Next up for Duke is Virginia, and in case you haven't been paying attention, Virginia has become one of the ACC's more intriguing programs.
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When Tony Bennett showed up, there were some skeptics who worried that his style would be slow and out-of-step with the ACC. Having inherited the basic framework from his dad, Tony, the worries seemed to make sense: Bennett Sr. wasn't scared to play a game in the 30s.
The younger Bennett said that he wasn't opposed to running, that he had played in the NBA after all (is the the only ACC coach to do so? We're pretty sure he is) and understood running as well.
Still, his Virginia teams have been pretty methodical and grind-it-out.
Earlier in the season, with the exception of a few third-rate programs, Virginia was typically scoring in the 50s and 60s.
For instance, the first game with UNC was won, 61-52, and they lost to Clemson 59-44. They beat BC 65-51.
Injuries forced the Cavs to make some serious adjustments though, and recently they've been starting Akil Mitchell, Justin Anderson, Jontel Evans, Joe Harris and Paul Jesperson.
And it's worked beautifully. It's a creative solution to their injury woes and their lack of size. Their team is quicker, runs well and scores quickly.
Akil Mitchell has matured into a solid replacement for Mike Scott. Jontel Evans has been a pit bull point guard since he showed up as a nice freshman surprise. Joe Harris could easily be first-team All-ACC (remember he was a bit of a mystery? No more). Justin Anderson is a tremendous run-jump athlete who can play bigger or smaller than he actually is.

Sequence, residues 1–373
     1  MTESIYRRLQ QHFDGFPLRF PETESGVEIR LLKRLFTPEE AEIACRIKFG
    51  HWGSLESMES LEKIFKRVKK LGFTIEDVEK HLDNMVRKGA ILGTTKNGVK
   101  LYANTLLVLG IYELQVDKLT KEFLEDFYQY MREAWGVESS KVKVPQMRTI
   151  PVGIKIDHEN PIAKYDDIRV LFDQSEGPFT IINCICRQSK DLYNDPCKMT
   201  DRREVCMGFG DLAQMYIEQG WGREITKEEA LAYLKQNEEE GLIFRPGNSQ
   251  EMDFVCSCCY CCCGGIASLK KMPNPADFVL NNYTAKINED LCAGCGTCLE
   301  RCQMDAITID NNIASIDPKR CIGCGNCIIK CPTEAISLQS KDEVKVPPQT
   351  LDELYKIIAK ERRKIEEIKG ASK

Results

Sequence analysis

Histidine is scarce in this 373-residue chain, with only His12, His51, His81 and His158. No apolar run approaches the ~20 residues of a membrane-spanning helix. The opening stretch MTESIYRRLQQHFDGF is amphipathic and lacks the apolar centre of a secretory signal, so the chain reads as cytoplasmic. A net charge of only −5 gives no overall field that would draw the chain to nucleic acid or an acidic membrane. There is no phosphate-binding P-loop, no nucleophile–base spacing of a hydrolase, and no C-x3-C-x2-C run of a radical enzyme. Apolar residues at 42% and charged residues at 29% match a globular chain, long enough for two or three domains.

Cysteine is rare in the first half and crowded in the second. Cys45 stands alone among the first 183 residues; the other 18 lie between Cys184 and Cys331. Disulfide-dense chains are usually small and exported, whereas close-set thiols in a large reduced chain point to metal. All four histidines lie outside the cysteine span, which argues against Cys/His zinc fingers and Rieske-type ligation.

What we don't completely understand, not having seen Virginia a whole lot this season, is Jesperson's role. We're guessing he's a smart defender and what is frequently called a glue guy.
You may remember that Jesperson was supposed to redshirt as a freshman but was forced into action when Virginia had another wave of crippling injuries. He was overwhelmed at that point. Bennett, though, has a real knack for spotting his kind of players.
You may also recall that Duke has had some issues with Virginia ever since Bennett arrived. They've won, to be sure, though some have been tight: Duke won by just three last season.
Actually, Virginia hasn't beaten Duke since Sean Singletary's remarkable game in 2007.
Looking back though, the scores are deceiving, because there were a few games where we were uncomfortable until Duke broke it open late.
And even with their new lineup, they still defend well. In military terms, some teams run a sort of blitzkrieg offense (think UNC last year). Duke's offense can be explosive at times, although in a different way than UNC's.
No matter. Teams tend to run into that defense and it's like hitting mud on the Russian plains. You just bog down. It's designed to take away high percentage shots and to slow the game down (unless Virginia chooses to run).
Among other things, UVa will try very hard to frustrate Mason Plumlee around the basket. They will also make penetration much harder for Quinn Cook, who has a real knack for doing damage in the lane.
This would be a great game for Seth Curry to go off. Maybe some of his family animus towards Virginia has rubbed off.
Certainly this isn't going to be an easy game. It's not only huge for Virginia - it'll go a long ways towards erasing some of their bad non-conference losses - but they're seriously primed for this game.
Start with A.D. Craig Littlepage, who commandeered the P.A. after the Georgia Tech win and said "We need each and every one of you Thursday night at 9 oâclock. Bring your roommates, neighbors, business partners. Bring the person that pumps gas for you. .â.â. Bring whoever you can. We need it loud. Weâre gonna rock them on Thursday night."
It's easier said than done, but make no mistake: Virginia will be ready.